The potential conflict of interest is blatantly obvious. Lawmakers should focus on the most efficient legislation and not what might best serve their financial interests. Sure, some laws achieve both, but voters shouldn't have to worry if their Washington representatives' stock portfolios would benefit from, or influence directly, their decisions as lawmakers.
It seems like common sense to insist that, in return for serving in Congress, members either put their portfolios in a blind trust or, even better, do what millions of Americans do and place their investments in funds that mimic indexes such as the S&P 500. One incentive: A number of them would most likely come out ahead.
The Stock Act might not have stopped members of Congress from stock trading, but at least one study, published in 2019, found that after its enactment the benefits of their doing so all but vanished. Another paper reported that members of Congress, like many short-term traders, ultimately do worse actively managing their portfolios than if they’d simply put the money in an index fund.
But the issue, obviously, is bigger than the Pauls. According to a survey conducted by the Pew Research Center late last year, two-thirds of Americans believe most politicians are corrupt. In Western European countries such as Britain and France, fewer than half of those surveyed said the same.
Trust is clearly not there.
Can’t beat’em, join’em
So what do you do when the market is experiencing tremendous volatility and it seems that politicians have the inside scoop? Do what they do it seems.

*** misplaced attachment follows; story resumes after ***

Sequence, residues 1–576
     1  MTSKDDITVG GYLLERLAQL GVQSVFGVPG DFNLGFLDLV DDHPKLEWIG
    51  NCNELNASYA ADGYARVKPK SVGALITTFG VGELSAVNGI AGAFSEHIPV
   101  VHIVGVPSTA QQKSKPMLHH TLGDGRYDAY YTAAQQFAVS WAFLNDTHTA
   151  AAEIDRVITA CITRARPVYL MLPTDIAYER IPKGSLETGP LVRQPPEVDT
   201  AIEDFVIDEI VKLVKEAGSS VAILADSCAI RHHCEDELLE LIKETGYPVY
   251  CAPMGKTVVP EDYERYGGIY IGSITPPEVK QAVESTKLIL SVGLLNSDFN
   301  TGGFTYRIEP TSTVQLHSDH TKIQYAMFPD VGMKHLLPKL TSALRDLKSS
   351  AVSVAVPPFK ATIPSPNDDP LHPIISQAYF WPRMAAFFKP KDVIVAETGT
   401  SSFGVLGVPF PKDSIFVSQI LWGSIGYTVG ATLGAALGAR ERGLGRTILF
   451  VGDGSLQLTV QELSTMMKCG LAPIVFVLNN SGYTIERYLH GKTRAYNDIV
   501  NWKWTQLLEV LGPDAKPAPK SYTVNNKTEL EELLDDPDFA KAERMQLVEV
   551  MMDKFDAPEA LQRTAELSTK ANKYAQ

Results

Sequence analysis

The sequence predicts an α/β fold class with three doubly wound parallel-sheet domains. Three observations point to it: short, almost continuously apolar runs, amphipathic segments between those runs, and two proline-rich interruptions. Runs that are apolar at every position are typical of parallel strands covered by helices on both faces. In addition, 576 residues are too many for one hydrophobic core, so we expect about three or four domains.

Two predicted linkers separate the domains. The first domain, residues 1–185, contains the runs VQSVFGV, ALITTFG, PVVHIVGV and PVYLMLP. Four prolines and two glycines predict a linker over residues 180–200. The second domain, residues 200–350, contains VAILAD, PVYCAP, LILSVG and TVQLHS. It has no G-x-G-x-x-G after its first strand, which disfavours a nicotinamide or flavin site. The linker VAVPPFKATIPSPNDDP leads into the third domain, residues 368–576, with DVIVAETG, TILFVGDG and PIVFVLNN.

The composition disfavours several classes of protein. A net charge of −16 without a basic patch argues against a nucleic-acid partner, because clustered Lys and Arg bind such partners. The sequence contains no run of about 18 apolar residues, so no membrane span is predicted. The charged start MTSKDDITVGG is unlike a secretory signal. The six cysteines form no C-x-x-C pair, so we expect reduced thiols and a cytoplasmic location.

Young investors have a new strategy: watching financial disclosures of sitting members of Congress for stock tips.
So far this year, Senate and House members have filed more than 4,000 financial trading disclosures — with at least $315 million of stocks and bonds bought or sold. That's according to Tim Carambat, who in 2020 created and now maintains two public databases of lawmaker financial transactions — House Stock Watcher and Senate Stock Watcher. He says there is a significant following for his work.
"I knocked out a very, very simple version of the project in like a couple of hours. And I posted it actually to Reddit, where it gained some significant traction and people showed a lot of interest in it," Carambat said.
Dinesh Hasija, an assistant professor of strategic management at Augusta University in Georgia, has been studying whether the market moves based on congressional disclosures. His ongoing research suggests that it does.
"Investors perceive that senators may have insider information," he said. "And we see abnormal positive returns when there's a disclosure by a senator."
In other words, Hasija's research shows that after the disclosures are published, there's a bump in the price of stocks bought by lawmakers.
At least one financial services consultant, Matthew Zwijacz, is planning to set up a financial instrument that automatically tracks congressional stock picks, because, in his view, lawmakers are "probably privy to more information than just the general public."
Both investors and government watchdogs are interested in these trades because of the possibility that lawmakers could use the private information they obtain through their jobs for money-making investment decisions.
"If the situation is that the public has lost so much trust in government that they think ... the stock trades of members are based on corruption, and that [following that] corruption could benefit [them]. ... We have a significant problem," said Kedric Payne, senior director of ethics at the Campaign Legal Center.